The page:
Boiler Feed Water at Georgia Pacific
Georgia Pacific is a leading manufacturer and marketer of building materials, including lumber, plywood, gypsum boards and engineered wood products. They have 300 locations in North America, South America and Europe. At this particular location, they manufacture interior hard board paneling as well as paint and finish it. They were experiencing some difficulties with their boiler feed water.
- The site had 2 industrial boilers: the primary boiler, a York-Shipley fire tube boiler rated at 24,000 pounds per hour, and a standby boiler, a Cleaver Brook water tube boiler rated at 20,000 pounds per hour.
- Their steam usage in the summer is 8,000 to 12,000 pounds per hour; winter usage is 14,000 to 20,000 pounds per hours. A significant amount of hot water is needed to produce the steam, resulting in high energy usage.
- After dissolved solids build up in a boiler, the equipment needs to “blow down” in order to send the impurities down the drain. Prior to the installation of the boiler feed water filtration equipment, they were blowing down approximately 4500 gallons of waste water per day.
- Boiler feed water was 210 parts per million (TDS), or 12 grains per gallon on average. Heating water with a high level of TDS causes significant scale build-up. Heating elements in the boiler have to heat through the scale before reaching the water, thus causing high energy use. For boilers, it’s best to have no more than 3-5 grains per gallon or ideally, less than one grain per gallon!
- Lower the TDS rate, through boiler water filtration, thereby decreasing the amount of blow-downs and improve energy efficiency.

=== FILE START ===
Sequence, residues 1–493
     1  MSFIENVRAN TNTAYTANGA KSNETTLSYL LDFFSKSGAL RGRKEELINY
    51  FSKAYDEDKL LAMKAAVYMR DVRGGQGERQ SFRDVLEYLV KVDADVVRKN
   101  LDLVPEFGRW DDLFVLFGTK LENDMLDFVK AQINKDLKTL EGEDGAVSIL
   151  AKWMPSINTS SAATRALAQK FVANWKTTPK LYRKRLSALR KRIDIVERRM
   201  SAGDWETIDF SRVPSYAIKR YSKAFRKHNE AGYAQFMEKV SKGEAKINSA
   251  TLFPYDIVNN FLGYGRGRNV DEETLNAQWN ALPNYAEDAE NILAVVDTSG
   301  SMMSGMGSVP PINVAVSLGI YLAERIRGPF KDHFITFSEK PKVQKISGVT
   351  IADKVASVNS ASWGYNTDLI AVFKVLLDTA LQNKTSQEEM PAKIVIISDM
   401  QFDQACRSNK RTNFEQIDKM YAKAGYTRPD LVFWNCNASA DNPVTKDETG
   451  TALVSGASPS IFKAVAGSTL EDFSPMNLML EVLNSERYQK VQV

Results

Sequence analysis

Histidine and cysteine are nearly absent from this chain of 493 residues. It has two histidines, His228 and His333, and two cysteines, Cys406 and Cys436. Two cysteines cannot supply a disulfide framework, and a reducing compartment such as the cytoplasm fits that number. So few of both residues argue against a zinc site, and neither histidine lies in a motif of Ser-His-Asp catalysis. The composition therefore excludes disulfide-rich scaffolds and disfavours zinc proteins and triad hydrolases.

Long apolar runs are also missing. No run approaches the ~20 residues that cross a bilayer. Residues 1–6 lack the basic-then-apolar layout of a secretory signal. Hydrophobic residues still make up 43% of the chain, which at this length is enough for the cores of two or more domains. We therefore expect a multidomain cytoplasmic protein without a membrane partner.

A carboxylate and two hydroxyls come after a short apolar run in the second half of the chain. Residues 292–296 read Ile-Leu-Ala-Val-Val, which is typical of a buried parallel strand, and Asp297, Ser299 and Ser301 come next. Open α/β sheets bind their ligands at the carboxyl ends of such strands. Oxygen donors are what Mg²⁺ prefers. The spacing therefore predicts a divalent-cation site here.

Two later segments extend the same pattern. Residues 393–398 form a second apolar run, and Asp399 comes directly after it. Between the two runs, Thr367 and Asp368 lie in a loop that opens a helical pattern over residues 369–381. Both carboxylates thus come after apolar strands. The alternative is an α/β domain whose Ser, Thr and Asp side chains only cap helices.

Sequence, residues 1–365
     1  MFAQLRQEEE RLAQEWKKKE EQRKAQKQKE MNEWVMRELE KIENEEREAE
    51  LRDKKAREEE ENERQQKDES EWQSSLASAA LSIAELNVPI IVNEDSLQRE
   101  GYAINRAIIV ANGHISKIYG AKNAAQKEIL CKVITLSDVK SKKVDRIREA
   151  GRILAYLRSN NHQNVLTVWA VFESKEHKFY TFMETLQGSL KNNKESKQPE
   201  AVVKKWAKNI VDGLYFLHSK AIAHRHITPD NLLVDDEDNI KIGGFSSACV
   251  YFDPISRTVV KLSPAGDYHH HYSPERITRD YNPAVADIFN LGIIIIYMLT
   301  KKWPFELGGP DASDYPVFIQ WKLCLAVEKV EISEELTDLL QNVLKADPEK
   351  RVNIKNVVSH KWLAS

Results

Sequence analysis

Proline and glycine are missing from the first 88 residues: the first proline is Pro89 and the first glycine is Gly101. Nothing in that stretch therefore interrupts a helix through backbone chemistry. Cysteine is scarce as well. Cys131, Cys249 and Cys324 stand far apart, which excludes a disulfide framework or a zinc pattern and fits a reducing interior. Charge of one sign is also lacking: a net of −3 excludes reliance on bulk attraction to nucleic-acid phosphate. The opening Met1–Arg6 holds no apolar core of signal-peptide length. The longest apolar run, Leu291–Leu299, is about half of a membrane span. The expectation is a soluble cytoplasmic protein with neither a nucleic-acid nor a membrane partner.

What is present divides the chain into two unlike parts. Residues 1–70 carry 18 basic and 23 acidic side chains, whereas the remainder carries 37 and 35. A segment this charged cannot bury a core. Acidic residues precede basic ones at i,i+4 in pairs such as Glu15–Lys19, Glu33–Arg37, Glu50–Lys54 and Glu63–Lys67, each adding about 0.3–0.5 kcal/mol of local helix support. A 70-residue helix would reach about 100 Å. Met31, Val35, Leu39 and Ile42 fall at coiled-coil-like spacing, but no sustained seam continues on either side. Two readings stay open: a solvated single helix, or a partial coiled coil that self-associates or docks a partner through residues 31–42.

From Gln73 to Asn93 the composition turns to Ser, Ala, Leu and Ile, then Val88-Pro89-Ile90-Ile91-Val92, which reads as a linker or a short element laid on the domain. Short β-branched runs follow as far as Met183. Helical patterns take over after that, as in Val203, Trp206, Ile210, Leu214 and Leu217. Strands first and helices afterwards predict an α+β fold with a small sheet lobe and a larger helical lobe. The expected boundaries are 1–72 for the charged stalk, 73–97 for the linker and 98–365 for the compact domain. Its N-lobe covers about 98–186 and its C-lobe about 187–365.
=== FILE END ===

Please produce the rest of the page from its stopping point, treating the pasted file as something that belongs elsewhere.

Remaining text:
- Decrease water usage and chemical usage, resulting in cost savings.
Boiler Water Filtration Equipment Installed
- RO system to lower TDS and reduce blow-down rate
- Carbon filter that protects RO system by filtering out chlorine that could be harmful to an RO system’s membrane
- Cleaner for RO system
- Storage tanks
- Annual inspection/servicing of equipment
- Total annual savings of $52,711.
- Since the installation of the RO system, they’ve reduced blow-downs from 4500 gallons of water per day to less than 200 gallons per day.
- The estimated energy savings from blow-downs and the savings in water and sewage costs is $31,000 annually.
- Chemical costs went from $38,905 in 2002 to $24,694 in 2005, for a yearly savings of $14,211. (Equipment was installed in 2003)
- With the RO system, Georgia Pacific was able to direct the concentrate water directly to storm (to the river) rather than going through a waste water treatment facility, thus avoiding fees.
- TDS of the feed water to the boiler has gone from 210 parts per million (12 grains per gallon) to approximately 24 parts per million (just over 1 grain per gallon), resulting in 8 times less solids entering the boiler.
- Georgia Pacific received a rebate check from their state’s energy company because they improved energy conservation.